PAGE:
For the first three centuries Christianity was a minority underground movement that had no political power. Almost the entire New Testament was written from prison cells. Jesus and the apostles taught extensively on how to live in community under a more powerful authority but never advocated for political uprising or taught on the subject of how to grasp or hold on to power themselves. On the contrary Jesus taught about an upside down kingdom where the last shall be first [Matthew 19:28-30] and whoever wants to gain life would lose it, [Matthew 10:38-39]. Jesus went on to model the ultimate sacrifice for the good of the many and the apostles all died as martyrs.

I can’t stress this enough, Jesus and the apostles direct their teaching to the church, not to the government. It is a personal challenge and if you are a Christ-Follower or claim to be a Christian you must model the things Jesus did and taught. Christ-Following is not a political cause, it is a personal journey.

So, not because I wish to change any of my original meaning but for the sake of clarity, I hereby revise my earlier statement;

I am a Christ-Following Libertarian (in the classical sense of the term) who rejects all other labels and actively seeks to live in a way that honours the teachings of Jesus regardless of politics.


  1. >Lauren,I just read the comments on your last blog entry – wow! I would simply like to offer a word of encouragement, I am happy I found your blog and I enjoy reading it quite a bit. It seems that in many ways we are in similar places on our faith walks, and we seem to share a (mostly) common view of the world. Your posts generally affect me in one of two ways: they encourage me that someone out there believes the same things I believe, or they inspire me to consider something to which I haven’t given much thought, but need to think about. Please keep posting.Kendall

  2. >As far as I can tell from what I have on hand or on the net, Christians have always been called by the word that means "pertaining to Christ.". I heard the "little Christ" story, too, in my more evangelical days, with reference to Acts 11:26, but that pretty clearly says christian, not christion. I suspect some ms had an error which was seized upon for sermonic purposes.Otherwise, your points about Jesus and politics seem right on.

  3. >Harry..here we go agina with definintions eh? When you say "pertaining to Christ" that could more clearly be said as the "Chrisitian way" could it not? Other ways I've seen to define the term would be Christ-like, or reflective of Christ. They all assume something complete or accurate and that is what I am not comfortable with. I am on a journey. To say that I have completed that journey and now accurately reflect Christ is what I am not comfortable with. Therefore calling myself a Christ-Follower is a far more accurate description of how I see myself. If you consider yourself a Christian – good for you, maybe one day I will too.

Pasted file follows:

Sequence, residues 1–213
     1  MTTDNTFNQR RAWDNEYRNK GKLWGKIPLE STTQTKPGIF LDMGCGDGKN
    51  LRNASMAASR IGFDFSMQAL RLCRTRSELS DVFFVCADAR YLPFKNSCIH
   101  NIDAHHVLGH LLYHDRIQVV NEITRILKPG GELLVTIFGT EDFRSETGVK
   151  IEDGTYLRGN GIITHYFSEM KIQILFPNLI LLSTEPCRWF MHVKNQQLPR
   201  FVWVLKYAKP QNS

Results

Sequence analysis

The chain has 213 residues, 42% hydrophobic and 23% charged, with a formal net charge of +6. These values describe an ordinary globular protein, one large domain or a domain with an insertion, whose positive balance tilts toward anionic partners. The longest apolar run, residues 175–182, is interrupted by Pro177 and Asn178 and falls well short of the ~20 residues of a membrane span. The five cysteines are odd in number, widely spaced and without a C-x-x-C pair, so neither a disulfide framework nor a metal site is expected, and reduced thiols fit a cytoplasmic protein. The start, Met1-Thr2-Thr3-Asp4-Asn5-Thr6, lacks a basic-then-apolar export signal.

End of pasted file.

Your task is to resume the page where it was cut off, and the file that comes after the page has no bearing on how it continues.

4. >I think the "church-government" distinction you set up is itself foreign to the gospels or the letters. Think of Jesus as the incarnate word, that is, the creator of all that is. Think of church as new Israel, that is, a nation. When the church is encouraged to engage the powers, the church is set against Rome as an empire. Church-state separation is a modern concept. The mission of Jesus is a new creation. Paul speaks of it in that manner. The opening hymn of Colossians leaves little doubt as to the wholeness, entirety, totality of Jesus' focus.

  5. >Epiphyllum…I assume you are thinking of Colossians 1:16 "For in him all things were created: things in heaven and on earth, visible and invisible, whether thrones or powers or rulers or authorities; all things have been created through him and for him."While this is true and similar to my assertion last week from Romans 13 that God anoints government it does not mean that we as Christ-followers are to be involved in it's workings or try to manipulate it's direction. The believers in Colosse were trying to figure out how to be faithful to the church while at the same time remain good citizens. As a result they were tending to slip into moral relativism. Paul is attempting to bring them back to a singular focus on Jesus and his advice to them on how to be in Christ while living in Colosse is important and applicable to our time but what he is telling them is not that they are to try and influence the local government but that they are members of a new Kingdom that transcends all earthly Kingdoms. Too much focus on the things of this world will lead them astray. "Since, then, you have been raised with Christ, set your hearts on things above, where Christ is, seated at the right hand of God. Set your minds on things above, not on earthly things. For you died, and your life is now hidden with Christ in God." [Colossians 3:1-3]